Savitri was naked, drenched in sweat, shaking. The water faucet under the sink had struck her near the left eye where the first trickle of blood broke free, yet she wasn’t feeling the pain. The bath tub had blocked the shaded window from her sight. The stained glass on the window threw playful patterns on the bathroom floor. On other days, she would’ve spent minutes admiring the different hues while taking a break from the book that she would read while sitting on the pot, but today the colors were fading fast to black.
“Haha, I told you she’ll fall down,” She heard Hari’s rude laughter. “What a dodo! For our next jeopardy, I predict that she’ll lose her voice. Oh look, she’s peed all over the floor!” Savitri tried to scream. The silence resounded violently across the walls and threatened to choke her. Hari’s laughter amplified her headache. Preeti was asking her to stay still. As per her, Savitri was going through the last few hours of her life. “It will be over soon,” Priti said. “Enjoy it, because death is not the end, it’s the completion. It’s a closure.”
“What bullshit!” Savitri tried to tell herself, but even that wasn’t registering clearly. “Hush now, let it come to you.” Priti teased Savitri and giggled. Hari’s laughter boomed louder than before. Neha asked Hari if she could pull at Savitri’s left foot because it’s wiggling was making her nervous. “Go right ahead, my girl!” Hari said.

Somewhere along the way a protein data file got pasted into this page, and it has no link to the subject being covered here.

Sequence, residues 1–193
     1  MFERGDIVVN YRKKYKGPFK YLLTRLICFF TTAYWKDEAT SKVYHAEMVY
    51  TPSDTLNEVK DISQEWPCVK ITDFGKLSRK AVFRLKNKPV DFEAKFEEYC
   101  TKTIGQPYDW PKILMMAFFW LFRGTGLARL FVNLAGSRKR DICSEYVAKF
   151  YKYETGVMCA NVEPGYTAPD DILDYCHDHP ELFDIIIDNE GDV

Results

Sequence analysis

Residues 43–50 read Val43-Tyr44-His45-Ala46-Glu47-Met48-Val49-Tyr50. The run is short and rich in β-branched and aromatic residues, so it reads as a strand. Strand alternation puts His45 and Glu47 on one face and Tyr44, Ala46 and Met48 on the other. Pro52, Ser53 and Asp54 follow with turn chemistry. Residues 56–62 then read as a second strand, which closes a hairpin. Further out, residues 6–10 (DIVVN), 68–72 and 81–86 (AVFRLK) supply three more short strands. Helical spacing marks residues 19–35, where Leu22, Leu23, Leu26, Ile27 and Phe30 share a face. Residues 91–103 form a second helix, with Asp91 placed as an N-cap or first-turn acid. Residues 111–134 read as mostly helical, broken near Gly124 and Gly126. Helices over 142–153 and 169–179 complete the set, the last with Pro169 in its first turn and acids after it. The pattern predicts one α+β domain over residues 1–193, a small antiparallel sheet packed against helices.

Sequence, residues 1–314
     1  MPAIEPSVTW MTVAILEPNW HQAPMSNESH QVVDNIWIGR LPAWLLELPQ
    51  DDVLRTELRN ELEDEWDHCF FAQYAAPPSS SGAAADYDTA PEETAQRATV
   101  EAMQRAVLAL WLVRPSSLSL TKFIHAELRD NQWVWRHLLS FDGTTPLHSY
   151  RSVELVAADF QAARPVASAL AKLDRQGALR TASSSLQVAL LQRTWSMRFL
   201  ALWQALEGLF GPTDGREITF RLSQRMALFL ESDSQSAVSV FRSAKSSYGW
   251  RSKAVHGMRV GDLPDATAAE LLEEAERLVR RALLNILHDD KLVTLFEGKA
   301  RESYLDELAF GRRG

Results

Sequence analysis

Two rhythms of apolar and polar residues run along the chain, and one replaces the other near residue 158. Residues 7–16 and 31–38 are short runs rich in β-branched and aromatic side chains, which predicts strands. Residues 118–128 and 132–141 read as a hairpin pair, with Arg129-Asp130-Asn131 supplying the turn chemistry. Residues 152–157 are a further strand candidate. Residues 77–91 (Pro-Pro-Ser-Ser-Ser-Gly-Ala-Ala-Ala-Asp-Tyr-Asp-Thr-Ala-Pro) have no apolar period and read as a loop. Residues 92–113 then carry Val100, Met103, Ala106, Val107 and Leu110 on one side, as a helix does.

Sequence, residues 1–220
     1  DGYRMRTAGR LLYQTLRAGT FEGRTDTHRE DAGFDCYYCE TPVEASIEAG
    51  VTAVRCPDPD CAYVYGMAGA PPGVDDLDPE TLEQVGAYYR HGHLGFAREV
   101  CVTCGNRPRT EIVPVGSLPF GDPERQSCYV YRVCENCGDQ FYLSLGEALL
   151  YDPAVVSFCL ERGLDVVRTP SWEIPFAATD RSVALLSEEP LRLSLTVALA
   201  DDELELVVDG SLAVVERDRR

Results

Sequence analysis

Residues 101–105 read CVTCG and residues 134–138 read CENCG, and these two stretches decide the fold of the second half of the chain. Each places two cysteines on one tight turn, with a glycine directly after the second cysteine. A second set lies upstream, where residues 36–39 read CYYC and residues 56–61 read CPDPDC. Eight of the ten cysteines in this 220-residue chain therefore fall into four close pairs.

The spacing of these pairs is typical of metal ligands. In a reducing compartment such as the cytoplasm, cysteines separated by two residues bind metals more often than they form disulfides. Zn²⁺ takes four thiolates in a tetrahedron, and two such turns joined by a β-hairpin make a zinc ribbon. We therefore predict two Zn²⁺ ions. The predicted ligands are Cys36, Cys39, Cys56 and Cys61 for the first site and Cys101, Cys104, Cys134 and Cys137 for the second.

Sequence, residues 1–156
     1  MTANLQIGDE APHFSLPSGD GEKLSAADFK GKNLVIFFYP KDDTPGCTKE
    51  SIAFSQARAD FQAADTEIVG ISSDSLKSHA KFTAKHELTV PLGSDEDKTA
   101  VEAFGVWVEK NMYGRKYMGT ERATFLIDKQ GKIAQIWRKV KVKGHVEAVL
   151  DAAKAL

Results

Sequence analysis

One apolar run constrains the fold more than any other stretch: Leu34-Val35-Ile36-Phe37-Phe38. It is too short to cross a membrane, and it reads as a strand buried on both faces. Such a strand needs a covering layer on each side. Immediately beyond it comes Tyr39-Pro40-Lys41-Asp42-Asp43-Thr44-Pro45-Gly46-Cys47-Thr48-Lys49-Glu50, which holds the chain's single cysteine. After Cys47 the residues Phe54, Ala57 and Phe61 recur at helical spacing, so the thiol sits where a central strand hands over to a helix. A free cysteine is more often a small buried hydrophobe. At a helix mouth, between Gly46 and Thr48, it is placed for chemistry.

Savitri felt Neha’s imaginary fingers envelope her ankle and pull at it. That’s when Savitri snapped! “Must… must… break. Must free.” Savitri started to pull herself together. “Neha.. is not.” And just like that, Neha wasn’t. Neha’s voice wasn’t being heard by her anymore, her cold fingers were gone. “Hari wasn’t.” The pain was subsiding. The convulsions were coming under control. Hari’s voice had left her head, her headache had moved to the background. “They may not be real,” Priti said, “But I am!”
“It is not… time,” Savitri’s voice echoed in the empty bathroom, “It is not your time.” Savitri said to herself and then to Priti, “It is not your time.” And this time, for the first time in her 37 years, she drove the voices in her head away without any external help.
She slowly got up to wipe the floor and herself.
I was listening to Alone in the Universe by David Usher before I wrote this piece.